The other day I watched Andrea Mitchell interview Arne Duncan. It’s always difficult for me to listen to authorities on teaching who have never been teachers, or who have never even studied what it takes to be a teacher. When they bloviate what the government needs to do to make good teachers, I want to ask how do they know? Unless you have walked in their shoes….
I also don’t think Arne and the Obama administration are paying any attention to what really keeps parents up at night when it comes to their children’s schooling. They are focused on all the wrong things.
But I realized a long time ago that today’s reality concerning teaching and education is warped. So I just try to make sense of it, and this is my attempt to decipher Arne’s gibberish (it is critical) about teacher preparation and the colleges of education.
First and foremost…When they say they want to overhaul undergraduate teacher preparatory programs, my guess is they really want to get rid of these schools. They will do it like they get rid of teachers in real public schools—tying success to test scores.
A teacher’s success, they say, will be determined by the kind of future scores their students get on the test. Forget the controversy about Value-Added Measurement (VAM)…their mind is made up. When Arne mentions state flexibility I don’t get the feeling he’s worried. State controversy about VAM scores and teaching is just a little bump in the road for them—but maybe provides some hope for teachers. We’ll see.
Arne says, “Every child deserves a highly effective teacher and every teacher deserves to be well-trained.” This is really re-mashing the potatoes isn’t it? He is channeling the previous ed. sec. Margaret Spellings, who also was never a teacher (but she was a sub I think). To which I must ask, was there ever a time when this county did not want well-prepared teachers?
Still, I find it odd, that in this whole interview Teach for America types were not discussed. Especially when Arne chatters about the vast number of teachers who tell him they don’t feel prepared. Who were these teachers? Arne, I hate to tell you, but maybe you were talking to TFA recruits.
I’m not saying that well-prepared teachers don’t dis their ed. programs. We are all guilty of this and should be extra careful about it. Everyone knows ed. schools need improvement, but do we want them eliminated?
When Andrea asks Arne about funding he talks right away about grants—not genuine funding to states in need. Grants are a cheap and easy way to make ed. schools do as they are told. It is what Race to the Top is all about too. Grants and removal of or decreased actual state and local funding destroys school districts, because the grants are used for corporate endeavors.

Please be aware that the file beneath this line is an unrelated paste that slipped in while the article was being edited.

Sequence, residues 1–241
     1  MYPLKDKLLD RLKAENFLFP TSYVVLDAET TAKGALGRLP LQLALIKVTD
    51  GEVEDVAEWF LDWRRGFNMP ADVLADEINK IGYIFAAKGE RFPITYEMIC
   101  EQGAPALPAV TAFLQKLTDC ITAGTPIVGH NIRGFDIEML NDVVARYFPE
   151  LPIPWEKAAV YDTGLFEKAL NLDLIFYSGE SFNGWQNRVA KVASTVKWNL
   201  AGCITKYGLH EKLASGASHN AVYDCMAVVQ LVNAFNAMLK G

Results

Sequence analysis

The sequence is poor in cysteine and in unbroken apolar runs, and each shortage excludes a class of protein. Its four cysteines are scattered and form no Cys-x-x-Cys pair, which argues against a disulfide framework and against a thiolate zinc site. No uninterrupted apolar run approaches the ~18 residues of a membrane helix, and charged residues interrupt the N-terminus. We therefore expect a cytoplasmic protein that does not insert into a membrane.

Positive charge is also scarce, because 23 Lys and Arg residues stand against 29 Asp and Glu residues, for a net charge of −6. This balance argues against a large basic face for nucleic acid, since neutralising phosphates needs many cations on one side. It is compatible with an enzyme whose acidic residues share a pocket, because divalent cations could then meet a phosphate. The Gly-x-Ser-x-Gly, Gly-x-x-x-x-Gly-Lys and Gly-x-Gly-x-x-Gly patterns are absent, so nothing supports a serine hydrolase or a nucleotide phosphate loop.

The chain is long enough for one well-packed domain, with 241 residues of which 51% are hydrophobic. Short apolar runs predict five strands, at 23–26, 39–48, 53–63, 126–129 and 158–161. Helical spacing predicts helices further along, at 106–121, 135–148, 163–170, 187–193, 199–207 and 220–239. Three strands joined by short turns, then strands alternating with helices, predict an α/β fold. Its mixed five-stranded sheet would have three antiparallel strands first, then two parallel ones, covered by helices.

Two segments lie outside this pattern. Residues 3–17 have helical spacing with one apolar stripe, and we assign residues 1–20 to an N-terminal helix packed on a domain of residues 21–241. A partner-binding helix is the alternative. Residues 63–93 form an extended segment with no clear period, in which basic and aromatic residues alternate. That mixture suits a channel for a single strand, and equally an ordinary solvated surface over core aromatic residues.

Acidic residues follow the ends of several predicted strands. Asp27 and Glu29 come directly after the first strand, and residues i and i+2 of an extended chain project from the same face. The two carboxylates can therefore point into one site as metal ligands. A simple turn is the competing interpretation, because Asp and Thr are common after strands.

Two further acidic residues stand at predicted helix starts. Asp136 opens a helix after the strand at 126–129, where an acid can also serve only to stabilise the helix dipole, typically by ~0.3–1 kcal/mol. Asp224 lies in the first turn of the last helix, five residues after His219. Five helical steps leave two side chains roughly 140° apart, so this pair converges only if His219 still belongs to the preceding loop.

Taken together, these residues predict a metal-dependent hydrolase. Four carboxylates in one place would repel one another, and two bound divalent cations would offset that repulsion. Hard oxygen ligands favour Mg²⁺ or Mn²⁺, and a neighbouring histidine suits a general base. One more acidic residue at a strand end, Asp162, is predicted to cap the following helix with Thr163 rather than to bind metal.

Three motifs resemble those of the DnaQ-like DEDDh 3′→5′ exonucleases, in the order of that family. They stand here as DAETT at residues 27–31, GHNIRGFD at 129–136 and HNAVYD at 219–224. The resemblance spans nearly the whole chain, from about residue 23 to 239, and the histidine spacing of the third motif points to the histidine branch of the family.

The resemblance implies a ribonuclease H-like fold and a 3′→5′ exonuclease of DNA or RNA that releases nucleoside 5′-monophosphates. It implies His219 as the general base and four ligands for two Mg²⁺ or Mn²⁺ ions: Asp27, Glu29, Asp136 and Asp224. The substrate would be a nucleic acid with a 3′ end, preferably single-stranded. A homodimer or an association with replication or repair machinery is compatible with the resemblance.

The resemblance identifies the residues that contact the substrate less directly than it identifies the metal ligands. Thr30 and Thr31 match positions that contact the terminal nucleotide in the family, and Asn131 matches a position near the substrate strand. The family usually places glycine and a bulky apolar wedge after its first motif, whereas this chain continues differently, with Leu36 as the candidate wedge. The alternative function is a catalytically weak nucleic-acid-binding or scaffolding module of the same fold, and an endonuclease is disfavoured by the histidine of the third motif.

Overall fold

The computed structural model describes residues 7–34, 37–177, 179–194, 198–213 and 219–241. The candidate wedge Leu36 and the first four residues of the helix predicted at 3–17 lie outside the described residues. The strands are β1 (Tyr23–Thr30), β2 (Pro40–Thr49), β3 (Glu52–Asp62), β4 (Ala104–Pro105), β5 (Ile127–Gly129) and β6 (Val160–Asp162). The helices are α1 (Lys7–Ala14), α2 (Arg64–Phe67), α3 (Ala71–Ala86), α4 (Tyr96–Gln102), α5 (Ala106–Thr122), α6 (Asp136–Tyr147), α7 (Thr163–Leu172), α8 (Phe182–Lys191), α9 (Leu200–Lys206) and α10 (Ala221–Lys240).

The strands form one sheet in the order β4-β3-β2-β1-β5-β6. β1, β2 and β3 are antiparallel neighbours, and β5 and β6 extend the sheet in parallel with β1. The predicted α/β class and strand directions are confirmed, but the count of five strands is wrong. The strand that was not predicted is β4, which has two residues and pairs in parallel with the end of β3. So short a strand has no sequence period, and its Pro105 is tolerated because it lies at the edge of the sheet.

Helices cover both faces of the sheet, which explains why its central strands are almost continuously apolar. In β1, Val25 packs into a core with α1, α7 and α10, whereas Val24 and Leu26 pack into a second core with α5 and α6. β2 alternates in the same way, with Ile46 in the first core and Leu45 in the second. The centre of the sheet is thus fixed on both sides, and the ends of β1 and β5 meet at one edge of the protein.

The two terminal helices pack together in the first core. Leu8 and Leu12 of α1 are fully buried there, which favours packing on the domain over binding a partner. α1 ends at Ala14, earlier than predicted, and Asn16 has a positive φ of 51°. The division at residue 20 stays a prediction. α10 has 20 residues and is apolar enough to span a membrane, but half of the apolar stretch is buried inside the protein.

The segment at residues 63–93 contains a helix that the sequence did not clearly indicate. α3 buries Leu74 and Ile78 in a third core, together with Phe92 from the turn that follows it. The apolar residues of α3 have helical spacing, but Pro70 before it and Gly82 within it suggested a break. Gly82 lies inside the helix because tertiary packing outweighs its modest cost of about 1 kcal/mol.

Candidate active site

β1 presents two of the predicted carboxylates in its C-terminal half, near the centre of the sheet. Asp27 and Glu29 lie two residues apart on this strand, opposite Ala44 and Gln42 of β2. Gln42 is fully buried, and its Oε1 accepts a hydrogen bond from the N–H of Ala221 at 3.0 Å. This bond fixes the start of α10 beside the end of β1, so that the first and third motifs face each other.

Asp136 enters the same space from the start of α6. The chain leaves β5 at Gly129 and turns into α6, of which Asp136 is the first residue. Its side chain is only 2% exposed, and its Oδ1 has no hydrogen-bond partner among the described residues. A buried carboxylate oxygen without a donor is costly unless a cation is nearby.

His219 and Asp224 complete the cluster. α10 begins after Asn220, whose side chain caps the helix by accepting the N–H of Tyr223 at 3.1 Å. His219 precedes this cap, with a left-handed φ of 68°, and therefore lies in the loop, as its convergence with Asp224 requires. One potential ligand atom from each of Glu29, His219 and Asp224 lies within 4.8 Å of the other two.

Arne’s reference to having teachers ready to teach in the classroom day one by getting a lot of practice is right. He likens it to preparation for medical students. Sure. Teachers, like doctors, should do the necessary coursework then be interns or practice teachers.
But career teachers always followed this set-up. After coursework, they had several months of practice teaching—student teaching—before they were allowed to teach. Once again, is he referring to Teach for America with their 5 weeks of prep?
He also bad mouths future teachers’ learning history, philosophy, and psychology of education. I find any discussion of suppressing information, especially these subjects, quite dangerous.
Certainly, teacher colleges could reframe some of what they do, but I don’t think Arne’s talking about this. The Obama administration, and the USDOE, is onboard with the fast-track groups and transferring funds over to for-profit entities. I’ve never seen them stand up for any causes championed by the teachers’ unions. Have you?
When Andrea starts talking about Finland—this always gets everyone excited—Arne turns quickly to South Korea and “Nation Building.” Those words trouble me enough for another post (I don’t want to digress).
But hear this. Our country knows how Finland works their education program and the way their teachers are revered. They have chosen to disregard it. And while it is true that teachers are the backbone of a country—a very serious factor in what its citizens will know—Arne and Co. are working overtime to get rid of teaching professionals for a fast-track cheaper workforce.
This is all connected to Common Core State Standards which are scripted and lack any variance when it comes to student differences. Anyone can learn how to do it. Better yet—and this is coming if it isn’t already here—stick programs on the computers and don’t have any real teachers. Cha-Ching!
Arne says people are “playing politics” when it comes to Common Core. Probably this is the biggest kink in the machine for them. When the Tea Party sits down to sip soup with liberals you know it has to make Arne and Co. at least a little nervous.
Andrea’s pointed questions about college loan debt were given short shrift by Duncan, and they both concluded stressing college “access for all” which is for me more re-mashed potato talk.
The take away? You will continue to get teachers who are not the kind of teachers you want. The good ones will be fired due to poor test scores, or they will quit because they can’t stand it anymore. And teacher ed. programs will convert to just making assessment…or nothing.
Shameful for a country like ours…but there it is.
[…] They go on to discuss ed. leader Arne Duncan’s quest to improve Teacher Ed. Schools. I already wrote about this fiasco. See here. […]